Grumpy Oldie Man Matthew Norman
Twenty-nine years after I was stabbed in South Africa, crime strikes again
By weirdest happenstance, I find myself writing about my second time as the victim of knifepoint robbery on the 29th anniversary of the first.
Today is what is known and celebrated within our family as One Lung Day. Shortly before dawn broke over a northern suburb of Johannesburg one January morning in 1991, an otherwise engaging young chap from a nearby township had the dubious manners (not so much as an informal introduction) to propel a breadknife between my ribs in the kitchen of the house I was staying in.
I won’t bore you with intimate detail. Suffice it to say that, according to the thoracic specialist overseeing the reinflation of the collapsed left lung, the X-rays showed that the blade stopped a ninth of an inch short of the heart, and a reassuring 18th shy of the aorta. ‘You,’ he told me, ‘are one very lucky boy.’
The teenager responsible for this literal slice of good fortune was a less lucky boy, it seemed to me, and had every ounce of my sympathy. The news that the largest tranche of apartheid legislation was to be repealed that morning hadn’t reached Alexandra township. If he was burgling to feed a hungry family, which of us wouldn’t have prayed for the courage to do the same?
During the several weeks I was detained in Joburg by medical advice about wounded lungs and pressurised cabins, I neither saw nor heard from a copper.
So you will appreciate the delectable contrast drawn by this latest exposure to violent crime. A fortnight ago, on leaving the house in the equatorial tourist quarter of Shepherd’s Bush, my son Louis sounded the alarm in the manner reserved for every fiasco, however great or small. ‘Yup, yup,’ he resignedly emitted, nodding his head and pursing his lips. ‘Oh yup.’
‘Oh yup, yup,’ I replied on noting the wing mirror dangling pitiably on the driver side of my immeasurably rancid little Audi. ‘Yup.’
‘And yup, yup,’ he added. ‘You also have a parking ticket.’
This seemed unlikely. Remorselessly as it punishes roadside infractions, even Hammersmith and Fulham Council seldom dispenses tickets to legally parked cars with permits.
Inside the plastic wallet beneath the wiper was a cordial invitation from the Metropolitan Police to contact them about the incident that had enticed the mirror to vacate its plastic mooring. Several encounters with automated switchboards spread over 80 minutes led to a human voice, the owner of which punched some digits into his computer.
‘Right, sir,’ he intoned. ‘I’ve got it now. You’ve been collateral damage in a knifepoint robbery.’
‘That sounds serious, officer,’ I said. ‘In my experience, “collateral damage” is the Pentagon’s euphemism of choice for the slaughter of Muslim civilians by misdirected bombs. Are you telling me I’ve been killed by a stray Cruise missile?’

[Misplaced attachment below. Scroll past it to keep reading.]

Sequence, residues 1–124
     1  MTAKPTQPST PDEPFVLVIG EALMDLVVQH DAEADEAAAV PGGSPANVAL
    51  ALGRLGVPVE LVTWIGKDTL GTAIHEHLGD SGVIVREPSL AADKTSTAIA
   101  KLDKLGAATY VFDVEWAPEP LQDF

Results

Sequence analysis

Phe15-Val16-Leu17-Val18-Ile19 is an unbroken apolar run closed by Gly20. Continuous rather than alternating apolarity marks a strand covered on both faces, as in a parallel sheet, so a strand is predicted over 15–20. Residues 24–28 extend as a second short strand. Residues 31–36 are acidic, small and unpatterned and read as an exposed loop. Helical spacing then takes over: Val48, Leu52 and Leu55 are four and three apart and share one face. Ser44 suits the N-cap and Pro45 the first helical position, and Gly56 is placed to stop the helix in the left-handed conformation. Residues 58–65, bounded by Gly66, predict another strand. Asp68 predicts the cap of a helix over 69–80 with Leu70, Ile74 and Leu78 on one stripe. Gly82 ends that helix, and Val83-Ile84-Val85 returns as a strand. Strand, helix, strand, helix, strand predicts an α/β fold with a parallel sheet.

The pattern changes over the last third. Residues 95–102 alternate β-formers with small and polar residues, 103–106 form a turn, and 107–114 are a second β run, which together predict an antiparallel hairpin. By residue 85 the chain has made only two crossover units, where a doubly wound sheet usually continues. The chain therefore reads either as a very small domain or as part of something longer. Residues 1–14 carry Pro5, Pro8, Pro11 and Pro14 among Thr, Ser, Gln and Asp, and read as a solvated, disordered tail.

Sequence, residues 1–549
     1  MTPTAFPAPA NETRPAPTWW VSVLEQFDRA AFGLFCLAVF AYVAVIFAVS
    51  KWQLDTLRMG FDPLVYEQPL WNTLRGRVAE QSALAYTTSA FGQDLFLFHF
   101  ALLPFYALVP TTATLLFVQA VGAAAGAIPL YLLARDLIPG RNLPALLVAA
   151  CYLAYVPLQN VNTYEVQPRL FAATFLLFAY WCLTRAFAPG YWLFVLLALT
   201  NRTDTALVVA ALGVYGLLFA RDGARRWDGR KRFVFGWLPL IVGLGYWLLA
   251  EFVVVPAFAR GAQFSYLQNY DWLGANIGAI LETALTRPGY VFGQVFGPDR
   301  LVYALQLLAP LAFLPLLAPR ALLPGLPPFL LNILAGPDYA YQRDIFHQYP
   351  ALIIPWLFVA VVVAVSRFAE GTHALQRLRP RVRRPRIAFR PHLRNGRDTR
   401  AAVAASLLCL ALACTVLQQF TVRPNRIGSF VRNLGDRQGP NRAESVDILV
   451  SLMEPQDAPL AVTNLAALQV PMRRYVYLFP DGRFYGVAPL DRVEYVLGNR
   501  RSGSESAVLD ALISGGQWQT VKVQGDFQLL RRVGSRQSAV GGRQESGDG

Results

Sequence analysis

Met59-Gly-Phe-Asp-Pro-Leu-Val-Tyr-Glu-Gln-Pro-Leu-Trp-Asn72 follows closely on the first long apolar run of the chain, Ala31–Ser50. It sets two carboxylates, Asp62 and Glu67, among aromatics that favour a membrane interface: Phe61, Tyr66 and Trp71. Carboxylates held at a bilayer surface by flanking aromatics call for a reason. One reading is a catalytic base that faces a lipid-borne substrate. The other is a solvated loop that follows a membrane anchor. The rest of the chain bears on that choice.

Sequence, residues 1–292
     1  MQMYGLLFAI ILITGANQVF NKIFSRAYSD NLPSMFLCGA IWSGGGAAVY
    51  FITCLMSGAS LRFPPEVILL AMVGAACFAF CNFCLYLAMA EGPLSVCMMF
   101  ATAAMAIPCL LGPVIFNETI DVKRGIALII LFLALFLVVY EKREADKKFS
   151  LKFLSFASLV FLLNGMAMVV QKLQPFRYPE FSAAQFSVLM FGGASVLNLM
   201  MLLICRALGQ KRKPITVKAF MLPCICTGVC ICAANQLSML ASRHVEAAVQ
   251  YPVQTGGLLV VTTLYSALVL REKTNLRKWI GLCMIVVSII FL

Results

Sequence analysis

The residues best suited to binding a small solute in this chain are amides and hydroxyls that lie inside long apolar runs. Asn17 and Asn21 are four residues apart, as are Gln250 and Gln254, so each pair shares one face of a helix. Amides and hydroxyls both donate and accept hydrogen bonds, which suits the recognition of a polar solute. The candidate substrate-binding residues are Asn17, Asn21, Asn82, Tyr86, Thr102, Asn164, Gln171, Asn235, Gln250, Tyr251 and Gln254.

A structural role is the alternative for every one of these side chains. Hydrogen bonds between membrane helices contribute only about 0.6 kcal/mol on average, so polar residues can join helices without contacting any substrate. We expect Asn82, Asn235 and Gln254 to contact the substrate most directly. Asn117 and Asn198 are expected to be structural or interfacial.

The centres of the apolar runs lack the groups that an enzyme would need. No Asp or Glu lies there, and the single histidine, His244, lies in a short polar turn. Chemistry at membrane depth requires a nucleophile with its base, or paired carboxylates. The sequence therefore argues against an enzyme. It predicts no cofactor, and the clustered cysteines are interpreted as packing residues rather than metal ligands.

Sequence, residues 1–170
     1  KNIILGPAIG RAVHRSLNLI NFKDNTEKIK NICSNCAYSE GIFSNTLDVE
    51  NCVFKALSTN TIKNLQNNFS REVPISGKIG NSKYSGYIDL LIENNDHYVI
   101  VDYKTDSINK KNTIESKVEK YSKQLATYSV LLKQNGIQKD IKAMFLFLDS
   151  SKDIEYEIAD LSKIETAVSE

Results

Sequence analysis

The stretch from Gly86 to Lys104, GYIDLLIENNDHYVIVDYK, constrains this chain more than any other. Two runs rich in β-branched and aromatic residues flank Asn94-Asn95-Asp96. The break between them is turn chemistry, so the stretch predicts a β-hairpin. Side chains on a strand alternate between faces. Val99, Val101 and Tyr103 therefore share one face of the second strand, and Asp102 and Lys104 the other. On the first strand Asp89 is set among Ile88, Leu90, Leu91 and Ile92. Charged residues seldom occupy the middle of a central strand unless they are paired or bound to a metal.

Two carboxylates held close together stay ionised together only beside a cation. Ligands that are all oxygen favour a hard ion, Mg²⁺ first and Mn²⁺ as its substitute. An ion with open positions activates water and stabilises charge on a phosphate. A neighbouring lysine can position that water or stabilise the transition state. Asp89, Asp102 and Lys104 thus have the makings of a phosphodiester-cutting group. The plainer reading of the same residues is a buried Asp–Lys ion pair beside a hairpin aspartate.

He was, he said, telling me no such thing. In that case, enjoyable as it was, why were we having this conversation?
Its purpose was to establish if I wished to take the matter further. I absolutely did, I said. ‘I’d like a SWAT team deployed forthwith.’
That, he apologised, probably wouldn’t be possible. ‘Frankly, I’m not even sure we can spare a helicopter.’
Knowing the scarcity of police resources, I grudgingly accepted this. He asked if I wanted a crime reference number for the insurance firm. I didn’t. Even if the mirror had been wrecked, the no-claims-bonus hit would have dwarfed the cost of replacing it.
But it hadn’t. By the cunning expedient of shoving it back into place, I’d fixed it. Like my left lung after pneumothorax surgery, it appeared fit for purpose once again.
‘The last thing I want to do, officer,’ I said, ‘is clog up your system with pointless, time-wasting detail.’ He appreciated my consideration. We bade our farewells on the friendliest of terms, the case seemingly closed.
The first letter arrived a week later. ‘Dear Mr Norman,’ it began, ‘We are sorry to hear that you are the victim of crime and we are working hard to catch those responsible. A Metropolitan Police officer … will make contact with you soon to find out more about what happened.
‘If you need support or advice on coming to terms with your experience…’ it continued – and appended was the victim-support helpline number I may call ‘at any time of day or night’.
Astoundingly, no officer has made contact. But the second and third letters, identical to the first, came yesterday. I haven’t checked the mat today. One Lung Day festivities have delayed that ritual. But when I do, I’ll be disappointed if I find it barren.
I don’t wish to seem glibly dismissive about the danger of delayed traumatic shock. It could be that, in weeks, months, years or even decades, I’ll wake at 3.37am – the exact time (the kitchen clock hovered above the breadknife) of the earlier incident – sweating and screaming about my wing mirror.
For now, however, I’m willing to soldier on, in denial, sublimating the pain, and deputing the collateral-damage repair process to the healing passage of time.